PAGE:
With 1.1 billion smokers in the world today and approximately 5.5 trillion cigarettes sold annually, there are about 2.2 billion lbs. of leftover cigarette filters to deal with each year. Now, thatÕs a lot of ocean debris, landfill waste, and general litter. So, why arenÕt cigarette butts recycled? The short answer is that cigarette filter collection is a complex process and a feasible recyclable market for them has yet to develop. While some research has suggested that cigarette butts could be recycled into rustproof coatings for metals or may be even into paint additives, there is not yet a commercial process developed for recycling them. However, this does not mean that efforts for finding a way to recycle cigarette butts are not underway.
One of the most talked about efforts in the USA this year is New York State Bill A02147, spearheaded by Assemblyman Michael DenDekker. DenDekkerÕs Bill (if made into law) will establish a cigarette butt redemption program (not unlike the bottle deposit laws) where each cigarette butt returned to a collection station will be worth at least 1 cent ($USD 0.01). If such a program does come to fruition, there will be actual market incentive to collect and return cigarette filters. One company betting that the bill will become law is Eco-Tech Displays. Placing cigarette filter recycling collection stations within the New York Metro area, this company is already filling up a Staten Island warehouse with collected filters.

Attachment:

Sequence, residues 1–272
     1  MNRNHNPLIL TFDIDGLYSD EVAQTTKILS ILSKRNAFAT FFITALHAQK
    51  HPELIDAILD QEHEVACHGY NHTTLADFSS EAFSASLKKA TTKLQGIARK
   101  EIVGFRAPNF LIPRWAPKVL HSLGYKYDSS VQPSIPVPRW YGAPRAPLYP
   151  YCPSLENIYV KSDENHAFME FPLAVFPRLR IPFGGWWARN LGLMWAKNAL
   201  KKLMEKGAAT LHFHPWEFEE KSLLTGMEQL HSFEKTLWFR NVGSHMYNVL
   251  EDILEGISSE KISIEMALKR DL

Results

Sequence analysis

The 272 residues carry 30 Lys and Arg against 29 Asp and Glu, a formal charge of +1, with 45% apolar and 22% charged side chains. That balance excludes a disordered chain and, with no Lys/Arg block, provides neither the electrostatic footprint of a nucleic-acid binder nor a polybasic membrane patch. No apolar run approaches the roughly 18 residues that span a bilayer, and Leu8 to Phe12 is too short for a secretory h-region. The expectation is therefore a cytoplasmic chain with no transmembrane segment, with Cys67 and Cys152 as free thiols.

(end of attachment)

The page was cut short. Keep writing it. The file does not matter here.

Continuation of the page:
Collecting and redeeming cigarette filters is a good beginning, ÒbuttÓ how will these litterers actually be disposed of? Incineration is an option if scrubbers can be used to collect any potential airborne pollutants and capture potential valuable heavy metals from the filters. If incineration is tied to energy generation the disposal process becomes more viable. Ideally, a process to recycle the cigarette filters would be best. LetÕs hope in the near future a viable recycling option rises out of the ashes.
© 2011 Recycle Life, LLC
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References: Cigarette Litter News, Spring 2001, www.cigarettelitter.org, Cigarette Litter and How it Affects Us, T. Martin, About.com, January 3, 2011, 2010 International Coastal Cleanup Report, www.oceanconservancy.com, City of Sydney, Item 11: ÒSupplementary Answers to Previous QuestionsÓ, www.cityofsydney.nsw.gov.au/council, Ò1.5 Million Trees are Cut Down Every Day to Make CigarettesÓ, www.talkbaltimoresun.com, ÒThe intractablre cigarette Ôfilter problemÓÓ, B. Harris, Research Paper, Stanford University, January 25, 2011, www.tobaccocontrol.bmj.com, ÒDetermination of Plasticizer Profile in Mono Acetate Filters Using the Microwave MethodÓ, www.cerulean.com, ÒBill Text: NY Assembly Bill 2147-2011 General Assembly, New York A02147Ó, www.e-lobbyist.com, ÒCigarette Butt Recycling ProgramsÓ, ww.eco-techdisplays.com, ÒThereÕs a Staten Island warehouse full of cigarette buttsÓ, N. Chiwaya, March 7, 2011, www.thefunkyapple.com, ÒRegulating the disposal of cigarette butts as toxic hazardous wasteÓ, R. Barnes, Research Paper, www.tobaccocontrol.bmj.com.